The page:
Daily Independent (Ashland, KY)


February 10, 2014

Getting closer

This could be the year state enacts statewide smoking ban

ASHLAND — Although it is far from being a “sure thing,” there are growing indications that the 2014 Kentucky General Assembly will enact a law banning most smoking in public throughout the commonwealth.

Just a few years ago, few thought that such a far-reaching ban would ever be possible in a state where tobacco was once the major cash crop. After all, it was only 30 years ago that angry legislators threatened to withhold tax dollars to the University of Louisville for having the audacity to ban smoking in classrooms.

My how times have changed. On Thursday, the House Health and Welfare Committee approved a bill to ban most smoking in public by a rather lopsided and bipartisan vote of 10-3. Legislators who had previously been silent on the issue of smoking in public were suddenly endorsing the bill sponsored by State Rep. Susan Westrom, D-Lexington.

“We’re saving lives,” Westrom said after the committee vote. “We’re allowing people to have clean air that’s breathable.”

To be sure, the bill has its opponents. Republican Rep. Tim Moore of Hardin said the bill encroaches on the use of a legal product. “This is too far-reaching and impacts people’s liberty and freedom,” he said.

If the bill as expected is approved by the House, Republican Sen. Julie Denton of Louisville has agreed to be the major advocate for its approval in the Senate.

Denton acknowledged the challenge of passing sweeping anti-smoking restrictions in a state that typically posts some of the nation’s highest smoking rates. “I know that it’s going to take some ‘profiles in courage’ to get some people to vote on this bill because it may not be popular to smokers back home,” Denton said in a Senate speech.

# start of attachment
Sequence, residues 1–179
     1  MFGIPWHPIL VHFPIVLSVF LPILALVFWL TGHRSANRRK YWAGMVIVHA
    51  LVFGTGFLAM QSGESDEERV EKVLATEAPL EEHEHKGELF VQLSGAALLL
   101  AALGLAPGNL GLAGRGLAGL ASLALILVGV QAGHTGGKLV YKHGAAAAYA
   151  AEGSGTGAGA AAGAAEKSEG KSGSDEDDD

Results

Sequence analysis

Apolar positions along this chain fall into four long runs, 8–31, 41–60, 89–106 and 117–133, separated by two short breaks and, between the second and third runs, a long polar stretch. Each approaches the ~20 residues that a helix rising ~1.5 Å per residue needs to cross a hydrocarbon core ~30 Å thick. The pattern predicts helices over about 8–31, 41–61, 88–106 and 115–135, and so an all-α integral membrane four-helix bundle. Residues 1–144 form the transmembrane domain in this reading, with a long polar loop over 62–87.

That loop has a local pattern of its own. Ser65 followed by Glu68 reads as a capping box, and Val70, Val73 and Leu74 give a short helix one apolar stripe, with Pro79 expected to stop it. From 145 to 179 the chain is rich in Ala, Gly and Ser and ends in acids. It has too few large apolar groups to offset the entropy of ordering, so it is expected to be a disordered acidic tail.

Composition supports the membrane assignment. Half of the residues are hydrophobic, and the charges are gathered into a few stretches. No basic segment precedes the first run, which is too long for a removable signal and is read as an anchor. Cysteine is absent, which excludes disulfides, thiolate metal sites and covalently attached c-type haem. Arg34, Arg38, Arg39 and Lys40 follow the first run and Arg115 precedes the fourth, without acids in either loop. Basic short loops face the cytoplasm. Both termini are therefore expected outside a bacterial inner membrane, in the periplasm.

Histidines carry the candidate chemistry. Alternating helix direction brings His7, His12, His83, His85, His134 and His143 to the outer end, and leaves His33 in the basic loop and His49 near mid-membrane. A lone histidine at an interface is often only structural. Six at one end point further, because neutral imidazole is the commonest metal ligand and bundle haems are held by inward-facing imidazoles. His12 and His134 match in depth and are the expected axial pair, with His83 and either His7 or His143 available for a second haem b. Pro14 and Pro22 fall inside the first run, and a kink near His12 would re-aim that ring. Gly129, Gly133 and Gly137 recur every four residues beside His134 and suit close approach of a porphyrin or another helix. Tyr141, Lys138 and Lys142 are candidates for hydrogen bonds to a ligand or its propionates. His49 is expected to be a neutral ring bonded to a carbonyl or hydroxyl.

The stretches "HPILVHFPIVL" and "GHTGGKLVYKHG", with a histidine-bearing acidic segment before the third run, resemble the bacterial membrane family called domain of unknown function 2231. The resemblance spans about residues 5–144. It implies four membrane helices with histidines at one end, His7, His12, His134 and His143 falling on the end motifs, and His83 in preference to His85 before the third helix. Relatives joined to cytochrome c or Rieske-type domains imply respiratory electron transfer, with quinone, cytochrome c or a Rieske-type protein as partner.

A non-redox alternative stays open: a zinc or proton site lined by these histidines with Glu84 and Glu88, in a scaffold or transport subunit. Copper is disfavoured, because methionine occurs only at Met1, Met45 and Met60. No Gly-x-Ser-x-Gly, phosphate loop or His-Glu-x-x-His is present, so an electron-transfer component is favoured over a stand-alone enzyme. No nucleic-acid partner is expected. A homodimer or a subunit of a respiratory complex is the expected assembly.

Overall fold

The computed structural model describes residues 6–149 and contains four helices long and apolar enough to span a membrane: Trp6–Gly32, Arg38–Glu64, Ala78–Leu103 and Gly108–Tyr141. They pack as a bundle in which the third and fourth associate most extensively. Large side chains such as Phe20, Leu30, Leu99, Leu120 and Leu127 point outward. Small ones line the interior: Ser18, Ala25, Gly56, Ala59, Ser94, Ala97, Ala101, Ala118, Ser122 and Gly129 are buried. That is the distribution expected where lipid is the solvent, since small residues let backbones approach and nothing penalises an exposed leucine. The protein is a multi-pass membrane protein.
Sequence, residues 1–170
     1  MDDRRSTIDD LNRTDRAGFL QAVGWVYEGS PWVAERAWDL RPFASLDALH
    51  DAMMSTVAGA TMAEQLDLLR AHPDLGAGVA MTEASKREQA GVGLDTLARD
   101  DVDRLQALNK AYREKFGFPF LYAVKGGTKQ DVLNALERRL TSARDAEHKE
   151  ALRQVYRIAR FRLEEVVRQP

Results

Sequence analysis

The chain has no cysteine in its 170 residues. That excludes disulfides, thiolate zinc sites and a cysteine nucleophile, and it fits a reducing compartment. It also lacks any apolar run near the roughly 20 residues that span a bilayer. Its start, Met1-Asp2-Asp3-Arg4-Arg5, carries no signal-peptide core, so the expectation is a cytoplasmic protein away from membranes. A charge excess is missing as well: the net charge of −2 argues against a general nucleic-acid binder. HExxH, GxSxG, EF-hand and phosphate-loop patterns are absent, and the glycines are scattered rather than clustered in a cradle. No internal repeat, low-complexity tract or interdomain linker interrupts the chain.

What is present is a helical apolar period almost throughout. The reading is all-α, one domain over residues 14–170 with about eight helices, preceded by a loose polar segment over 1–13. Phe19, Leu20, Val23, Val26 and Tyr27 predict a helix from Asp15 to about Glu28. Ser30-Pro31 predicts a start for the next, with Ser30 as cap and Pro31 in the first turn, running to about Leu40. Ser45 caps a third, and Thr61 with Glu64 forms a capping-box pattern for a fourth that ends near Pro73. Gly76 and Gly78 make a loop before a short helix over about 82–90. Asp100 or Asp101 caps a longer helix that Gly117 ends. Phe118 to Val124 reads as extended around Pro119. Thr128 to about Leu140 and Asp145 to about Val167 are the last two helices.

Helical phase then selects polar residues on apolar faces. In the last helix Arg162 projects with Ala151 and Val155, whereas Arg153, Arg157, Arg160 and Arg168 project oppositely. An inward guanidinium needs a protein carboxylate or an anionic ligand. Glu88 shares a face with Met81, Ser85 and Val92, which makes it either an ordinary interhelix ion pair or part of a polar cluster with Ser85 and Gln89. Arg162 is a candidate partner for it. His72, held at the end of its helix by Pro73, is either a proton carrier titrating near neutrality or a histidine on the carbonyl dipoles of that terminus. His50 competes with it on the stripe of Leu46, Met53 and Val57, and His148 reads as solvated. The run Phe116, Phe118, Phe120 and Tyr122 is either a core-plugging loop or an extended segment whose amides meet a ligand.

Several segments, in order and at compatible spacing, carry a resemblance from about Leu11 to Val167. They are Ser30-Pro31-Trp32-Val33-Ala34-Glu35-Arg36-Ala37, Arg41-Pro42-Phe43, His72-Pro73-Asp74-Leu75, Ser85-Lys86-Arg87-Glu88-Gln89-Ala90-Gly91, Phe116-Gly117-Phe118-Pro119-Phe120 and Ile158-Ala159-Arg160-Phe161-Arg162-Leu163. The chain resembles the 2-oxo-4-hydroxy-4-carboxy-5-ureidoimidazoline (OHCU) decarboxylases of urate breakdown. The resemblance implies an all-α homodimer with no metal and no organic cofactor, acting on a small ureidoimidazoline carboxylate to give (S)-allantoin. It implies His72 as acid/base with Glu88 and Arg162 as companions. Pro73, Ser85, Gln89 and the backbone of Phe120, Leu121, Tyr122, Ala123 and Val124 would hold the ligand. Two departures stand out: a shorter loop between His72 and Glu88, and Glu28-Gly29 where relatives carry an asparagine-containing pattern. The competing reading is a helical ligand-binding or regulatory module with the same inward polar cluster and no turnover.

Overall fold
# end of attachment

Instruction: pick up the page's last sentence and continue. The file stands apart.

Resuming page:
More than 20 cities and counties, including Ashland, have approved local ordinances restricting smoking in public, and not one those ordinances has been repealed. In fact, a number of the ordinances  have been strengthened.

Gov. Steve Beshear called on legislators to enact a statewide smoking ban in his State of the Commonwealth address, and the influential Kentucky Chamber of Commerce, the state’s most powerful business organization, has made approval of a statewide smoking ban a part of its legislative agenda.  When the Bowling Green City Commission rejected an ordinance restricting smoking, those who opposed it lost their re-election bids and the new majority on the commission voted to restrict smoking.

However, perhaps the strongest argument for a state law to restrict smoking is a poll that shows nearly two-thirds of the state’s residents supported such a ban. Even more than 40 percent of smokers said they would support a statewide ban.

Times have changed. People no longer want to be accosted by tobacco smoke when dining out or shopping. Even in a state that has one of the nation’s highest rates of adult smokers, people want to be free of the odor of smoke. Legislators should have the courage to approve a bill that nearly two our of every three adults support.

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